As we are becoming more entangled with our technologies, we are also becoming more entangled with each other. The power (physical, political, and social) has shifted from comprehensible hierarchies to less-intelligible networks. We can no longer understand how the world works by breaking it down into loosely-connected parts that reflect the hierarchy of physical space or deliberate design. Instead, we must watch the flows of information, ideas, energy and matter that connect us, and the networks of communication, trust, and distribution that enable these flows. This, as Joshua Ramo14 has pointed out, is “the nature of our age.”

So what are we to think about this new relationship with our technology and with each other? Should we fear it or embrace it? The answer is both. Like any new powerful force in the world, like Science, it will be used for both good and evil. And even when it is intended to be used for good, we will make mistakes. Humanity has been dealing with this conundrum ever since the first cooking fire got out of control and burned down the forest. Recognizing this does not absolve us from our responsibility, it reminds us why it is important. We are remaking ourselves, and we need to choose wisely what we are to become.

Inspired by the silkworm’s ability to generate cocoon out of a single silk thread, Neri Oxman and her Mediated Matter Group designed and co-fabricated a 3m diameter Silk Pavilion using 6,500 silkworms to spin silk patches on top of CNC-deposited fibers.

Hiorshi Ishii's Tanglible Media group has developed a Dynamic Shape Display that can render 3D content physically, so users can interact with digital information in a tangible way.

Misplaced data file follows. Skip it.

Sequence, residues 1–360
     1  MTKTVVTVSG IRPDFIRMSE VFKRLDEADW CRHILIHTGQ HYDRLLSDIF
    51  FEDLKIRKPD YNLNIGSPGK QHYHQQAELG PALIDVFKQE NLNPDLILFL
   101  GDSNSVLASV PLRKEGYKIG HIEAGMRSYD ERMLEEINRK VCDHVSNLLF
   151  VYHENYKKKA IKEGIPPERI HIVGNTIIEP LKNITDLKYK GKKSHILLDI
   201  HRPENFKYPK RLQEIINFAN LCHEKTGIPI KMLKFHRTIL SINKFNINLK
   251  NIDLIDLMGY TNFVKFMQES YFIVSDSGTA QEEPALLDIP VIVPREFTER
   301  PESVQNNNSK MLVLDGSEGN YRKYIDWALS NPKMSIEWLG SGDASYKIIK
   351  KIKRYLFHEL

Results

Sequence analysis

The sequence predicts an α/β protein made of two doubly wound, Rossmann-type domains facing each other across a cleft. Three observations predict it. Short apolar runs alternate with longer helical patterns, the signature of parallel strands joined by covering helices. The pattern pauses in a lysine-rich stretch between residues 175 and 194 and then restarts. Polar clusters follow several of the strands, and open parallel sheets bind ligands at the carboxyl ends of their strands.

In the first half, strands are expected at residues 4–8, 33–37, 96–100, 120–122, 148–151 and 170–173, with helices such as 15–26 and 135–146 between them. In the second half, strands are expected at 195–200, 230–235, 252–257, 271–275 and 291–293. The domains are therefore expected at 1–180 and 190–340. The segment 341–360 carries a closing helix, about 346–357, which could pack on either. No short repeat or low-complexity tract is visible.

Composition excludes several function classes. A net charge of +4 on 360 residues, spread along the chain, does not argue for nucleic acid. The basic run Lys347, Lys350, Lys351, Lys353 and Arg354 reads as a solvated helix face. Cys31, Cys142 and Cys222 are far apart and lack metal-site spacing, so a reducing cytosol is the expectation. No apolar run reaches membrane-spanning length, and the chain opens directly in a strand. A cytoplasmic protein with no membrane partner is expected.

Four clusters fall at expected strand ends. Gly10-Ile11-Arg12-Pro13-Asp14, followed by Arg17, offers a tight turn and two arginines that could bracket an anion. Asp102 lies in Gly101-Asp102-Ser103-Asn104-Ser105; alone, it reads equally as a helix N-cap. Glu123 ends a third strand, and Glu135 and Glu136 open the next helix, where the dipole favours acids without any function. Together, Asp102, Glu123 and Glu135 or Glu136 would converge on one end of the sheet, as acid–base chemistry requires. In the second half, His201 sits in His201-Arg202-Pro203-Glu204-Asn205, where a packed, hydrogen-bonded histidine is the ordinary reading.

Hiroshi Ishii and his Tangible Media group are bridging the gap between “built” and “grown” by programming a living organism to create responsive and transformable skin coverings. Their BioLogic uses living cells as nano actuators, as well as the engineered materials, geometry and structure to achieve adaptive transformation. Biologic is an example of both the process and the aesthetic sensibility of Entanglement.

Ed Kinners:

As an interior designer, I see more and more technology in homes today. There is a trend of squeezing as much technology as possible to the blueprint of a home i.e. larger than life TVs, smart app and voice-activated lighting, HVAC, and interior/exterior electronics.

But, overall I embrace it like Science, and agree with Mr. Hills, that it will be used for both good and evil. Humans have an addiction for invention and competition.

I always try to sneak in some calming, serenity component to the interiors we design. More than not, clients love the idea of a library room or no technology room for meditation, peace, self-growth.

Serene Arena:

I love the entanglement notion—my only comment would be for us to consider how we are coming to idea of an “age of entanglement.” The issue at hand is perhaps not that we are NOW entangled, but that we have, as a social structure (at least in western culture), long pretended we are separate from what we come from and what we create, and that this disassociation is the root to much of what we struggle with today. Today’s “artificial” is an outgrowth of past versions of “artificial.” What if Entanglement (which surely exists), is more an outcome of a reckoning of our connected existence relative to environment and reality, rather than a sudden melding of separateness?